November 5, 2009
Karen MacDonell, Ph.D.
The $625,397 grant from the National Heart, Lung and Blood Institute not only funds the transition of Karen MacDonell, Ph.D., assistant professor of the Department of Pediatrics, to a tenure track position, it also allows a replacement for her as project manager of current asthma studies and creates a new research assistant position.
“I now have start-up money to begin my own research,” said Dr. MacDonell, project director of the Family Community Access To Child Health and the Asthma Family Project for Wayne State University. “I will continue to focus on asthma, but I am planning on developing technology-based interventions for African-American emerging adults (ages 17 to 22) with asthma.”
That research will incorporate the use of computers, personal digital assistants, cell phones, texting and the Internet to address asthma disparity among younger African-American patients. The first phase of that study, now under way, explores the experience of living with asthma and gathering youth input to develop the proposed intervention. Dr. MacDonell plans to apply for independent government funding for her research in 2010.
The rate of deaths from asthma for children in Detroit is 5.4 times higher than the rate for all Michigan children, according to the Michigan Department of Community Health. The number of asthma-caused emergency room visits for children living in Detroit consistently tracks 60 percent higher than similar emergencies across the state. In 2006, the latest year for which statistics are available, the number of hospitalizations for asthma in Detroit outstripped statewide numbers, three to one.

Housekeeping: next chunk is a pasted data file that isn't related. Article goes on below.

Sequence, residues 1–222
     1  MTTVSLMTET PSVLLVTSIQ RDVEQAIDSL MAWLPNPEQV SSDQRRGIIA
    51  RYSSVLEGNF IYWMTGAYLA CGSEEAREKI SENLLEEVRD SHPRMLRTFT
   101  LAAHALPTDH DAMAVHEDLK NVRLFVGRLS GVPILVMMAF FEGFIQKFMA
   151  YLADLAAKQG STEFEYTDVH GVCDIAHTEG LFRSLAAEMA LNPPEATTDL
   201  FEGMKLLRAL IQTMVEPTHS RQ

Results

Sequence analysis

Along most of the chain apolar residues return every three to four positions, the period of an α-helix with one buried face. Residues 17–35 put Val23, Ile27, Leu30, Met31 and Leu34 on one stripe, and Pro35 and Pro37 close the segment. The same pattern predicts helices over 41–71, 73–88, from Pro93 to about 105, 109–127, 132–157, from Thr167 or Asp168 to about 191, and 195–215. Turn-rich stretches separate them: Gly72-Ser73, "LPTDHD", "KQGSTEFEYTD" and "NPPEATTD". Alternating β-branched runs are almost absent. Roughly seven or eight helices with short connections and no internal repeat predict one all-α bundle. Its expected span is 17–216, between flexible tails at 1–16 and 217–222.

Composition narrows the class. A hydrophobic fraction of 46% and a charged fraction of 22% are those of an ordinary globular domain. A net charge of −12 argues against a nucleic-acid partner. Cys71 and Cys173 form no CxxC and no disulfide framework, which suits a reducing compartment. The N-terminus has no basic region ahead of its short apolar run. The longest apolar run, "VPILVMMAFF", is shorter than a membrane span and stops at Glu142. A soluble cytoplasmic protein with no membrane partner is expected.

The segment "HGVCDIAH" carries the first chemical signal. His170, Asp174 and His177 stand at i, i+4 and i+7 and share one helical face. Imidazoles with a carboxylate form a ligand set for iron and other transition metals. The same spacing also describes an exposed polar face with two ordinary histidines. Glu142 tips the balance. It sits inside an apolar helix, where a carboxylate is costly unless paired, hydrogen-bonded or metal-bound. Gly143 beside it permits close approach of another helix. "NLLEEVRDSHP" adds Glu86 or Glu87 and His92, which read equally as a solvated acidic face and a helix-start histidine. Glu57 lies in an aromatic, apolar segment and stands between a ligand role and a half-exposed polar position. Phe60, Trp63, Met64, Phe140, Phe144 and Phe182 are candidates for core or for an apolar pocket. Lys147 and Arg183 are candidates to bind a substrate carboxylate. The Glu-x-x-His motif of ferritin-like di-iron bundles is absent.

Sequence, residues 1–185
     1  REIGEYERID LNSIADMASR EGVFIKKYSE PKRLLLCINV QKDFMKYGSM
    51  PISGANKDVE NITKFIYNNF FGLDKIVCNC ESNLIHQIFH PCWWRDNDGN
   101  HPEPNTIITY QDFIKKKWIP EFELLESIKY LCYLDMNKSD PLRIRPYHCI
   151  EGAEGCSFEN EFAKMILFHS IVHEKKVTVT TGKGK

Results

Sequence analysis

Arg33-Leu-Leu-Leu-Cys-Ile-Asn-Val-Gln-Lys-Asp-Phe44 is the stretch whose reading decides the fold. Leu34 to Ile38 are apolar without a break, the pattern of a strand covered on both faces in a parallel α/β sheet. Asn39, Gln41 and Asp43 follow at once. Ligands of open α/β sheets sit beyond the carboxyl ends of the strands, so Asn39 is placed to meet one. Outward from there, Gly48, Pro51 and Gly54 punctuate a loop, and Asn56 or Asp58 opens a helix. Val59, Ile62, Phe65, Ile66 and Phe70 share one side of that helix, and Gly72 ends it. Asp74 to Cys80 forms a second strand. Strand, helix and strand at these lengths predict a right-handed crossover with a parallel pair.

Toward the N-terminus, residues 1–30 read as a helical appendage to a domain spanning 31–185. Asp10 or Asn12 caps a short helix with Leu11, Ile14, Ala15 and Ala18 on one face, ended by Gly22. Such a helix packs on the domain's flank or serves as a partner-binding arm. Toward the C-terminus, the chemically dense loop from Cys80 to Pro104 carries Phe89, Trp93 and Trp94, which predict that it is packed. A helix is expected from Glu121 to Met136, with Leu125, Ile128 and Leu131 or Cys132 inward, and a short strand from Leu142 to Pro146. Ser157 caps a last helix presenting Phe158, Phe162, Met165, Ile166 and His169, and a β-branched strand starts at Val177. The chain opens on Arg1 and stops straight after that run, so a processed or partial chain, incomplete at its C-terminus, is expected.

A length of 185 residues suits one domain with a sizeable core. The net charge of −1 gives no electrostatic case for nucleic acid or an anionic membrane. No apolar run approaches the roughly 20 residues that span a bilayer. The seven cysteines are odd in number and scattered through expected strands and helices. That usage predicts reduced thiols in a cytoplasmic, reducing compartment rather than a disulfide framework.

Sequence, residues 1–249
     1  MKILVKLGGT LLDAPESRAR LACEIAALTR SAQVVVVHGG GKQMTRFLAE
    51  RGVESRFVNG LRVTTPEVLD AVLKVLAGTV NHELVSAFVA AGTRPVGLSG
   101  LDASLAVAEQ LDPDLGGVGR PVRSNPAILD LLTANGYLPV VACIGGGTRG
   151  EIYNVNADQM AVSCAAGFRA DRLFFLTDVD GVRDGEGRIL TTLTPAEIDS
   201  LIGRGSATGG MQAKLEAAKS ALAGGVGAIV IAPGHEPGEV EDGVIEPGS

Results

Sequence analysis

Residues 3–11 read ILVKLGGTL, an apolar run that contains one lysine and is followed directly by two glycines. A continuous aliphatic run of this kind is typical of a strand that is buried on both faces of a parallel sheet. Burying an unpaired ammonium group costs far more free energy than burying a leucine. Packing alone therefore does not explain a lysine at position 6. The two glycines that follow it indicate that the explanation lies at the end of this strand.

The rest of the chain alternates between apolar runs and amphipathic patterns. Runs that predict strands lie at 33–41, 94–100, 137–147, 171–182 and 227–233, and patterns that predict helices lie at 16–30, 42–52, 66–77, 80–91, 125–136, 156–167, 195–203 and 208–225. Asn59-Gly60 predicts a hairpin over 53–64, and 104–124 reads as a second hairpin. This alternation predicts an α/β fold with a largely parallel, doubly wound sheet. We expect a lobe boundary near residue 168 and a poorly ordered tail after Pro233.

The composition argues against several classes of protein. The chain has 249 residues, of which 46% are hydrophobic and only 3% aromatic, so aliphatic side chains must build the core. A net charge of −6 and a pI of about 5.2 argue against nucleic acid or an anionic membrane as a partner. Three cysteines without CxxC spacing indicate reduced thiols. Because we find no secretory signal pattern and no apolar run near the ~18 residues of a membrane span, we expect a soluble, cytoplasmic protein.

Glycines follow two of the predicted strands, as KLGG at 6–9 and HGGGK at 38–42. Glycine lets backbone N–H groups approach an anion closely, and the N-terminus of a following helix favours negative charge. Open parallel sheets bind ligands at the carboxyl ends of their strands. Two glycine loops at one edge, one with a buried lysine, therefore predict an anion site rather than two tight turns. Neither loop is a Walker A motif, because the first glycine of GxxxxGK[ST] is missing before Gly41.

According to the state Department of Community Health and the Asthma Initiative of Michigan, African-American children are hospitalized for asthma at a rate 4.2 times higher than that of white children. The prevalence of persistent asthma is 23 percent higher for African-American children than their white counterparts. African-American children visit emergency rooms for asthma at a rate 2.7 times that of white children.
School of Medicine researchers Sylvie Naar-King, Ph.D., and Deborah Ellis, Ph.D., associate professors in the Department of Pediatrics and the Pediatric Prevention Research Center, are using a $2.4 million grant for their study, “Multisystemic Therapy to Reduce Health Disparities in Adolescents with Asthma.” Dr. MacDonell had been managing that research.
With this most recent grant, Phebe Lam will take over Dr. MacDonell’s prior position, and Robert Berry joins the department as a new research assistant.